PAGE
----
Kaur: This was a global event at the All-Star Weekend, so it had another filtration of players. When I played in the NCAA Next Generation Showcase last year, it included the girls that wanted to play in the NCAA. but in Chicago, the camp had filtered the list down from the camp at Next Generation.
There were only 18 girls in Chicago from the 34 that were in Florida last year. They were plenty in the boys but I'm not sure, I don't know much about that.
I was, first-off, very excited that I got the chance to go to the All-Star Weekend. A chance to see players like LeBron James, James Harden, and Kawhi Leonard. I was like, seriously!
The weather, there, off-the-court, had so much snow. It was the first snow in my life. It was actually really cold.
Check out our very own Harsimran 'Honey' Kaur absolutely ace the 1st-ever NBA Global Scout @HomeCourtAI Challenge at #BWBGlobal with a score of 254 for #10 overall (Women's) 🇮🇳 pic.twitter.com/Fk6SIRplKI- NBAIndia (@NBAIndia) March 6, 2020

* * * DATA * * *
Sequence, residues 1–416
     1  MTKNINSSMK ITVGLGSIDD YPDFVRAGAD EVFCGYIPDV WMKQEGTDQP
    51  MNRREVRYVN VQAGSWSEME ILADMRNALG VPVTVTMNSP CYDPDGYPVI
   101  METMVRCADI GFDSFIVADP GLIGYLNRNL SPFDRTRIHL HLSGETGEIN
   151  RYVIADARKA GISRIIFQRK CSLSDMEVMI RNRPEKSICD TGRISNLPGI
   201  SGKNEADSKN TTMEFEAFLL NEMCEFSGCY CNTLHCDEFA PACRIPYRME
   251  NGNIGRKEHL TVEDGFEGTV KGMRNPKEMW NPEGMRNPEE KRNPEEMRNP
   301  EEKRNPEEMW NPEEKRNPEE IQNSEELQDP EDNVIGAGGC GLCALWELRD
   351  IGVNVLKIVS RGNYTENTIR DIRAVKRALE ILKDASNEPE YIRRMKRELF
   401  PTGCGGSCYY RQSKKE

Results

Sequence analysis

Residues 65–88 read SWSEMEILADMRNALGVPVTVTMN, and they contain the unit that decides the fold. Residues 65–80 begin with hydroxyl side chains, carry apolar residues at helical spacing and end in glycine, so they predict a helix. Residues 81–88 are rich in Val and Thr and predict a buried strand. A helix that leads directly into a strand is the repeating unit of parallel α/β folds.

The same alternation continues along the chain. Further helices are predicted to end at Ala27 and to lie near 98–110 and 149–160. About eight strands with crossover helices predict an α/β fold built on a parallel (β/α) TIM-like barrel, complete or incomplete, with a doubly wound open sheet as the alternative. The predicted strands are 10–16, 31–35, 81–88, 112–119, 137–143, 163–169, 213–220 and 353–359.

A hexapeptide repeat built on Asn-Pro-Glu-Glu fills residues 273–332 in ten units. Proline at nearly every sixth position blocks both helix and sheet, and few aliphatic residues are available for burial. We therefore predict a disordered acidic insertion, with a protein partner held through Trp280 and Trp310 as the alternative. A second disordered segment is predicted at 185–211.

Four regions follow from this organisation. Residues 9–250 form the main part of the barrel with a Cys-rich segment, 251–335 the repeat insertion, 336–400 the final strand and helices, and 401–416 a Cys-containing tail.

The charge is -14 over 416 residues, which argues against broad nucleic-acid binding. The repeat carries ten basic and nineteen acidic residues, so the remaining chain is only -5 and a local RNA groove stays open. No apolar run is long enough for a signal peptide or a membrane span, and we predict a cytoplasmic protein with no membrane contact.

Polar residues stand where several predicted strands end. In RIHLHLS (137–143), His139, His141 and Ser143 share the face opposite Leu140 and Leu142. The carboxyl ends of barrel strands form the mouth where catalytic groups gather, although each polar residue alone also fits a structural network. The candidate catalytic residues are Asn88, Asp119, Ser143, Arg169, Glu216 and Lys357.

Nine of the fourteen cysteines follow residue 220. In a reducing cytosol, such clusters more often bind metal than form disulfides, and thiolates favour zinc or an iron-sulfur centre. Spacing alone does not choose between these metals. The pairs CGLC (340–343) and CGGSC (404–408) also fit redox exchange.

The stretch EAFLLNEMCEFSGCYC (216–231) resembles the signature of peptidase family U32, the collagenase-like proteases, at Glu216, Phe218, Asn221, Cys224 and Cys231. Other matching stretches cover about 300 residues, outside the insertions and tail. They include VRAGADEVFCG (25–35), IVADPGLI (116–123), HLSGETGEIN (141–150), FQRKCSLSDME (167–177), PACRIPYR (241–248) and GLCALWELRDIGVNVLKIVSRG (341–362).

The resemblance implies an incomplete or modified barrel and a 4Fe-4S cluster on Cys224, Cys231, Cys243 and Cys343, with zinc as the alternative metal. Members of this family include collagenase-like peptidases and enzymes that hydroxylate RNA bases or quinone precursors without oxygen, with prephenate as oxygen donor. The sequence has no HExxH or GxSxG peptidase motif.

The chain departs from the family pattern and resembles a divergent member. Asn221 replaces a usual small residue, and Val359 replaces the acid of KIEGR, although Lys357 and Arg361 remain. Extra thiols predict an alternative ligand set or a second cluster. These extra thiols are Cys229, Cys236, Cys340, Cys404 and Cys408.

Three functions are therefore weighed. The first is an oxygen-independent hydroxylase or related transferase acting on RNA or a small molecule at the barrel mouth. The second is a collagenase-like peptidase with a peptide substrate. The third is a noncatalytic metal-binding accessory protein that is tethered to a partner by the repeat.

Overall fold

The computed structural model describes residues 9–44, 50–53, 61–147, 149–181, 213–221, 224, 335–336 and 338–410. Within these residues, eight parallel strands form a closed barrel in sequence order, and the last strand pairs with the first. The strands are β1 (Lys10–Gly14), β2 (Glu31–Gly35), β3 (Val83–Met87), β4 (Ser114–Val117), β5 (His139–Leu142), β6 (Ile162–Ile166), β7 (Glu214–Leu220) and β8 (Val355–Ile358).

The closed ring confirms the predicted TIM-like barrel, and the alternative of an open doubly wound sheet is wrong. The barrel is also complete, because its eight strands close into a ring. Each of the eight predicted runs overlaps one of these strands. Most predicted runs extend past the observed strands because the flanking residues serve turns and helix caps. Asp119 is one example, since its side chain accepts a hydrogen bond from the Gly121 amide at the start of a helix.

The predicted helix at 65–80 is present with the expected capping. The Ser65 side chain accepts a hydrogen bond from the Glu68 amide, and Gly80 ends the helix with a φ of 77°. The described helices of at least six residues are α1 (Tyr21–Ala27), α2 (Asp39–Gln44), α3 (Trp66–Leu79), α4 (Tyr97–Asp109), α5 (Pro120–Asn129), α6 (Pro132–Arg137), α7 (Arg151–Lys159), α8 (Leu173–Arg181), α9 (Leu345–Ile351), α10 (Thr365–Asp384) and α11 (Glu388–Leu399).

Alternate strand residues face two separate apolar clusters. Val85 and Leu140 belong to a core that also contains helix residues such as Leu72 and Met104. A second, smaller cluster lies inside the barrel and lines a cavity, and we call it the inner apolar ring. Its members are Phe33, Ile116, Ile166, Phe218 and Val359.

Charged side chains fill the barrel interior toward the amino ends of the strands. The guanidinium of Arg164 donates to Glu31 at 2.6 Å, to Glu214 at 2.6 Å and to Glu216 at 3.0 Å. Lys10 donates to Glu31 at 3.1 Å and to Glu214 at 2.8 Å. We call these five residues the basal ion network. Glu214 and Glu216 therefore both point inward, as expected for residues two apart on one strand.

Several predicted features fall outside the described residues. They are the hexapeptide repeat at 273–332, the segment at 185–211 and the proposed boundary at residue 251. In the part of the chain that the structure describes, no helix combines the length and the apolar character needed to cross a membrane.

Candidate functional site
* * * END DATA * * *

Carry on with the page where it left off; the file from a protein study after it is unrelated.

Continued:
The facilities there were really good. Everything there was arranged from when we would play, where we would play, and which game we were going to watch. And I had learned a lot from my previous camps, which allowed me to show my best. I was able to play as a point guard, as a forward, as a shooter, in the post, everything.
Nobody there was going to restrict you. They just want you to put your effort sincerely. I think, in India, the player who scores the most or rebounds the most is considered the best but there, the player who is putting the most effort to perform the best on the court is their star.
It doesn't matter if you are scoring, rebounding, stealing the ball. You just have to show them your hard work.
South Asian Games 2019 - Nepal
Kaur: Everybody in this country wants those five letters on their chest - INDIA.
When I came to know I was on the team, I was the youngest at 16 years old but everyone else was either 21 or 24 or 26. All of them were experienced players who had represented India for the past 10 years while I had just done it once.
No doubt, I gained a lot of experience. Even though I played for a short time on the court, but in the time I got, I just tried to show the coach who I am seriously and after the full tournament, the feeling of winning gold is something I can't describe.